Does the Vonage court decision harm the future of consumer VoIP?

* Analysis of Vonage’s injunction

Last Friday, a federal judge issued an injunction against Vonage that would essentially prevent it from connecting its customers to the PSTN; however, the judge also gave Vonage until April 6, 2007 before making the injunction effective. The judge found that Vonage had violated Verizon patents in an earlier ruling. This injunction was issued to prevent Vonage from further harming Verizon, which claimed it had lost a million customers to Vonage.

Following the ruling, Vonage stock lost about a quarter of its value and share trades were halted for the remainder of the business day. By Monday of this week, Vonage shares had recovered about half of their losses. In a statement prepared by the company, Mike Snyder, Vonage CEO said, “the rumors of Vonage's death have been greatly exaggerated.” Friday's events represented one small step in what is sure to be a long legal battle.

"The fact is we've been preparing for this verdict and the possibility of an injunction for months," Snyder added. "For the market to react the way it did to the recent rulings shows an unfortunate lack of understanding of the judicial/appellate system, a lack of appreciation of Vonage's resourcefulness, or, perhaps, both. Anyone who's counting Vonage out is making a huge mistake."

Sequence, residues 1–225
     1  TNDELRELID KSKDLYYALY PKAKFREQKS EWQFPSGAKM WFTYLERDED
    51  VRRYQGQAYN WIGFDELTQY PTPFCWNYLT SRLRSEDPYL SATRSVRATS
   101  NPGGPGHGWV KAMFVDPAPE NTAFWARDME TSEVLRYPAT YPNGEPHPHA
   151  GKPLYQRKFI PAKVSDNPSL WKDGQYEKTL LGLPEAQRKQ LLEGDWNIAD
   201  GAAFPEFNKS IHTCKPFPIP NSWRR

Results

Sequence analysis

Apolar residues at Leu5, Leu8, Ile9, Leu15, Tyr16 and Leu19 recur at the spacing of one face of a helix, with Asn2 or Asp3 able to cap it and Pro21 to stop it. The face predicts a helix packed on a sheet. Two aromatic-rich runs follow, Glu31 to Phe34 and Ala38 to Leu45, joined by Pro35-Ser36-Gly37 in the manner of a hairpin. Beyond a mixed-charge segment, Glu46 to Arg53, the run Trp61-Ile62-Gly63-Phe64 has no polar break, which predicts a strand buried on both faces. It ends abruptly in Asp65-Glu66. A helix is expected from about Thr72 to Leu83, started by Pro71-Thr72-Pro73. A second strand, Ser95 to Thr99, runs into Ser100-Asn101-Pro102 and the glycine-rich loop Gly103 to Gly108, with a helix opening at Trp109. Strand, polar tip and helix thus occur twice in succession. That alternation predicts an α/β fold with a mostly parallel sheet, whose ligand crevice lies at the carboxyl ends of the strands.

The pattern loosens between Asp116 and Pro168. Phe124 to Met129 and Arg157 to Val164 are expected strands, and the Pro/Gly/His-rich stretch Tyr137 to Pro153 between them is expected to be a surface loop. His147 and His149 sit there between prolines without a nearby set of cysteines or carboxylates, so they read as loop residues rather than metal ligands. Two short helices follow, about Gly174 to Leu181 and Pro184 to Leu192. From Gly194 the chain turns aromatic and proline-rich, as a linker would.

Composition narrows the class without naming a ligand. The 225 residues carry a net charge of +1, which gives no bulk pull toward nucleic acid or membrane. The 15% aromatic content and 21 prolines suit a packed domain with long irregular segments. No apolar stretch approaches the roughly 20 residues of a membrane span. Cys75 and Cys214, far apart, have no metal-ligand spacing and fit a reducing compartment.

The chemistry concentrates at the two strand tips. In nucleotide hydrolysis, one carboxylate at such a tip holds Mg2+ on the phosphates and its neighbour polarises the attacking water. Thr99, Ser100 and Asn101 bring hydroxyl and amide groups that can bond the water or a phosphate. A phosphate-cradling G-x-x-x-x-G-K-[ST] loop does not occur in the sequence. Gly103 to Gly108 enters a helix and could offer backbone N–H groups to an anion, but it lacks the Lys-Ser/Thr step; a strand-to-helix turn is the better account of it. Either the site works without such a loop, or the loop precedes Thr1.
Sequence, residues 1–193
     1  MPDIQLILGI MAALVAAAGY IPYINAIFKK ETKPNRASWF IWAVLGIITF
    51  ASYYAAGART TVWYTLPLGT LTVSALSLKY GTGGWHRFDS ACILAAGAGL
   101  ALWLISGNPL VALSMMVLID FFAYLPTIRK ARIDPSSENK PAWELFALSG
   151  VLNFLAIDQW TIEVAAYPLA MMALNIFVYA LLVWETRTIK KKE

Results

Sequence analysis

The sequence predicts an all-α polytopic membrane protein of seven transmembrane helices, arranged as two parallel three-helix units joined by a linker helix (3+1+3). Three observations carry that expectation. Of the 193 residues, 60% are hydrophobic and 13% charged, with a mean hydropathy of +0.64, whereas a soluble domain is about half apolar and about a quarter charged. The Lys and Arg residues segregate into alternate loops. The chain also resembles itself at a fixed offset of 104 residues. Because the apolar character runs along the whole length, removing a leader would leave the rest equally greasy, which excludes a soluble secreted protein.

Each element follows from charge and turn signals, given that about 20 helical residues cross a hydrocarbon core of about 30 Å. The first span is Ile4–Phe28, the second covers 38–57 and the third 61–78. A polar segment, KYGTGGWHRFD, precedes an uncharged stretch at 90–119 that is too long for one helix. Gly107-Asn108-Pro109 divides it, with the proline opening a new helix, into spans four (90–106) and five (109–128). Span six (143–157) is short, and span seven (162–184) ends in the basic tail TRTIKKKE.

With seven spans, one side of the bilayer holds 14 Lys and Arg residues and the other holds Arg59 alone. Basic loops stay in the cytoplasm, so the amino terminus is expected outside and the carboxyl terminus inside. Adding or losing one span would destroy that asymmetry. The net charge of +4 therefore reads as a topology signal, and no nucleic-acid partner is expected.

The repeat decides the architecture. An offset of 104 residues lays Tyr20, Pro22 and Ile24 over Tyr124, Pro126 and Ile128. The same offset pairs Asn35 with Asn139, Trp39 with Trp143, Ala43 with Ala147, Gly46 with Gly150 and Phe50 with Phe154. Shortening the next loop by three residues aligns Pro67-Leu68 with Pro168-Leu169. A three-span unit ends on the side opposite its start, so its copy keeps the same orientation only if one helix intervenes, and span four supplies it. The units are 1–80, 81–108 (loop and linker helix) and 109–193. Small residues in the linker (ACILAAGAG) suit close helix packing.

The statement continued to say that “if, as expected, the judge enters a permanent injunction against Vonage on April 6, 2007, but fails to grant the company's request to stay the injunction pending its appeal, Vonage will immediately file for a stay with the Court of Appeals for the Federal Circuit. In addition, the company reconfirmed its plan to file a notice of appeal to the Circuit Court of Appeals to set aside the jury verdict which was handed down on March 8, 2007.” Vonage said it expected the litigation to take years before a final resolution is reached.

Our analysis: Although we aren’t legal experts, we were surprised that the judge seems ready to cut off 2.2 million Vonage customers who rely on the VoIP provider for phone service. We think that the customers deserve some consideration in this legal battle and that even if Vonage needs to find a work-around to resolve the disputed patent rights, it should be given time to find an technical alternative. While we aren’t convinced that any consumer-VoIP-only service provider can survive in the long term against the triple play provider, we do think that the judge’s ruling harms the opportunity for VoIP to advance as a consumer alternative to legacy phone systems.

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